tonsils

Gallbladder Secession From the Union

I’m losing another vestigial structure today.

gallbladder

Little known fact in the history of Speaker7, but a week before my tonsillectomy I had a HIDA scan. I was crammed into a tube, filled with helium and then twisted into a horse balloon for a child’s birthday party. The scan showed not only a propensity for breakdancing, but a nonfunctioning gallbladder.

For awhile, I had been experiencing what I’ve medically termed as “shitkickers”–meaning I felt the shit was being kicked out of me. I would sit up, and it was as if the skin under my ribcage was going to rip apart. I figured I’d either had hernia or was about to give birth to an alien baby à la John Hurt.

Nope. It was just my gallbladder yearning to be free. I began to grow suspicious of a romantic relationship between my tonsils and my gallbladder.

tonsilgoneI postponed the surgery because it’s really out of style to have a breathing tube inserted twice in a season (source: “Who Wore the Breathing Tube Better?” US Weekly).

But the shitkickery continued. I remember trying on shoes when the onset of an attack started, and hoped the shoppers would politely ignore me as I crouched and gasped on the floor for a few minutes. I explained I was a foot fetishist.

This past week, it became even more apparent that we could no longer live together and one of us had to move out. Every morsel of food became the equivalent of eating a Thanksgiving-style banquet of Big Macs encased in Doritos taco shells covered in KFC grease dribblings. My abdomen turned into its own flotation device, and I told my gallbladder to find new living quarters.

So yay! Another surgery. I can’t wait to see what will go next. I’m banking on the brain.

As to be expected, Hugo is thrilled.

hugopingpongOh–I’ll have a new post up at The Official How To Blog tomorrow about the Game of Thrones. I’m figuring I will be too hopped up on pain medication to promote it. 

Post-Tonsillectomy Adventures

Many of you have been asking about my tonsillectomy recovery.

This may be something I hallucinated. I’m on some pretty strong painkillers.

It turns out it wasn’t such a bad idea to read tonsillectomy horror stories online. It makes the throat and ear pain seem not so bad compared to those who complain of choking on phlegm, vomiting blood, transforming into werewolves, etc.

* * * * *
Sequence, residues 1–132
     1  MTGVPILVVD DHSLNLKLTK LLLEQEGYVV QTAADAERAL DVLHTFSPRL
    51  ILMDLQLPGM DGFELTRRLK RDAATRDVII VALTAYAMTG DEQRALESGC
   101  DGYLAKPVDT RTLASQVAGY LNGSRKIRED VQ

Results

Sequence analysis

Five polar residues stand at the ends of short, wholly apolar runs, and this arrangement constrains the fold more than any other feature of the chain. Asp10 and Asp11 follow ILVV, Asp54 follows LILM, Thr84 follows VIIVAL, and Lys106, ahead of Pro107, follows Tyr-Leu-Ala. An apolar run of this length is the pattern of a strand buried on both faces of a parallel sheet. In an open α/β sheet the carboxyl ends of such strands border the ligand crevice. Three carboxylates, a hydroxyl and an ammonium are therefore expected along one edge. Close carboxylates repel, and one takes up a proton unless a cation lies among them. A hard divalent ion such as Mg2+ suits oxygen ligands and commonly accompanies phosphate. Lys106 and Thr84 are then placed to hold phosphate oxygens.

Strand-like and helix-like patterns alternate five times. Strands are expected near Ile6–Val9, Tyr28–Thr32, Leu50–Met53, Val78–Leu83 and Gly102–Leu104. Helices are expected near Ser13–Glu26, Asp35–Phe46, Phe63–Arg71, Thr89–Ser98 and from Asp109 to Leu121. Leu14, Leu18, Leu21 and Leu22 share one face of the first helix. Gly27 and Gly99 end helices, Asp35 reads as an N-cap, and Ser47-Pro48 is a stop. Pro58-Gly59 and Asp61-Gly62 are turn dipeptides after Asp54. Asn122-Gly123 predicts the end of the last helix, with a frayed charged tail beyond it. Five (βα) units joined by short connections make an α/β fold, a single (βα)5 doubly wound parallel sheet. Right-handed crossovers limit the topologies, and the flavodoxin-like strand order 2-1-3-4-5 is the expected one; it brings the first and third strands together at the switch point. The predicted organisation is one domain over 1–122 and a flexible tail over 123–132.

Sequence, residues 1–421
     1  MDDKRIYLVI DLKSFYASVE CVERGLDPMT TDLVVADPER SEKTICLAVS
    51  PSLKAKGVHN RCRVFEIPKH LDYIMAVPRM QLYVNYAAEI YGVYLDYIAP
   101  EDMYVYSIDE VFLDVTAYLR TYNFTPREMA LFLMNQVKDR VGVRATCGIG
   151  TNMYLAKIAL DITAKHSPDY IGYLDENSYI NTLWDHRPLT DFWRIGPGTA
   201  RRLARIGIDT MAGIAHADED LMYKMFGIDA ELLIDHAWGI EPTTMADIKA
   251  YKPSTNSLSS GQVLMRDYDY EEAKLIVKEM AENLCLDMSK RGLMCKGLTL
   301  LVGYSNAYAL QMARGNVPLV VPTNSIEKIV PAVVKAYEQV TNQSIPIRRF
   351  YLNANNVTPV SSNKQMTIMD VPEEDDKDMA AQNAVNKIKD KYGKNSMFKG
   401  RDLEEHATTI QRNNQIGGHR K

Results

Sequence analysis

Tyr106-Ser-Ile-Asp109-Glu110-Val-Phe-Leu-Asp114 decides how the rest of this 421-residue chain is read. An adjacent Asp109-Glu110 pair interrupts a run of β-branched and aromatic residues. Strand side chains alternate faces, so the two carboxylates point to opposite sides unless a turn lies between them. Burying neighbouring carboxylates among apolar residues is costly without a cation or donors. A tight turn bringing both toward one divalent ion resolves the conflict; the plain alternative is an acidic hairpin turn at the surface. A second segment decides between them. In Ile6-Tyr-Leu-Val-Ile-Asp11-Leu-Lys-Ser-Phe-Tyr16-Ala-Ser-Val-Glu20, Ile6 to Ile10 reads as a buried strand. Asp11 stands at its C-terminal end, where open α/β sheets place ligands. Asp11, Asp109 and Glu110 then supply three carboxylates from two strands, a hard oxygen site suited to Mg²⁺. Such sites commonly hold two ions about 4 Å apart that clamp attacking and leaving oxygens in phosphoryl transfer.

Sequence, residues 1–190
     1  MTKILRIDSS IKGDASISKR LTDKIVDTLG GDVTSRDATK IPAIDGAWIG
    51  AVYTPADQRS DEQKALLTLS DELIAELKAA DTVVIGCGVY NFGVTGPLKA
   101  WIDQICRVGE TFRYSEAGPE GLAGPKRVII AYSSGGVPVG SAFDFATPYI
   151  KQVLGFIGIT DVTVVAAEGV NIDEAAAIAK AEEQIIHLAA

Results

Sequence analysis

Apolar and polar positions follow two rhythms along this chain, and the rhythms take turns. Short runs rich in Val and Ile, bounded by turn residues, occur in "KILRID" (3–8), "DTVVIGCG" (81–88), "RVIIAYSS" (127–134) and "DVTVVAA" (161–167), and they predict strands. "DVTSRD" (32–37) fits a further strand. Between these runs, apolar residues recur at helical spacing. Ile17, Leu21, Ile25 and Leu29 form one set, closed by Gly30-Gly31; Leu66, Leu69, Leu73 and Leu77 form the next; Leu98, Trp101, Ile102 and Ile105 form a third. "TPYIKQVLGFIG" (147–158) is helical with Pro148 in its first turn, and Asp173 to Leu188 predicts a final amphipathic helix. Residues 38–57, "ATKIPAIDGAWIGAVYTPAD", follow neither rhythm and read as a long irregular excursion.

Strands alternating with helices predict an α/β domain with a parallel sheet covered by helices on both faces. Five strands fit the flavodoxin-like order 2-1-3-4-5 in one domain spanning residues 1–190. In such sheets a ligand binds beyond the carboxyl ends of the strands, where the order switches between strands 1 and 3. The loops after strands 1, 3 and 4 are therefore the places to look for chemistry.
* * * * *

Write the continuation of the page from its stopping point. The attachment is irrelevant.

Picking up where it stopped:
I’ve mainly been sucking down pureed cauliflower and watching DVDs of Buffy the Vampire Slayer. All in all, not too shabby.

But it’s nothing compared to what my tonsils have been doing.

Apparently the infected duo had a bucket list, and in less than a week, have crossed 10 items of their list.

1. Meet other vestigial organs

appendix

2. Visit an art gallery

tonsilsatgallery

3. Go parasailing

parasailing

4. Go horseback riding

horse-running-beach

5. Play music on a street corner

streetcorner

6. Get interviewed by Matt Lauer on the Today show

mattlauer

7. Climb Mt. Everest

everest1

8. Perform stand up

standup

9. Enter a hot dog eating contest

hotdogcontest

10. Meet E.L. James

eljames

What’s on your bucket list?

Speaker7 Moves to Canada

Not really, but I do have a new post up today at Canadica. I’m hoping this is the correct link. If that didn’t work, just click on Canadica and it will take you there.

Just so you know and won’t succumb to any weeping, it will take me some time to respond to any comments because:

  1. I just moved
  2. My Internet connection has not been hooked up yet
  3. My tonsils are being removed today by salad tongs
  4. I may possibly dribble popsicle juice onto my laptop

The good news, I will have plenty of time to catch up on my blog reading (when my #@&!&^$ Internet is hooked up and if I’m not vomiting blood). I have been remiss in reading all of your wonderful posts and wittily replying with comments like “turd nugget.” I know you have missed that.

I also recall promising a reader giveaway thingy, and telling a few of you that I would be sending interview questions. Didn’t happen because moving is a giant suckfest of suckitude suckness. It will happen.

Here are the people who responded with a reason why Hugo should interview them and will see their name in lights in 2013. If I missed you or you don’t want this great distinction of Hugo adding your picture to his “People-to-lurk-at” wall, please let me know.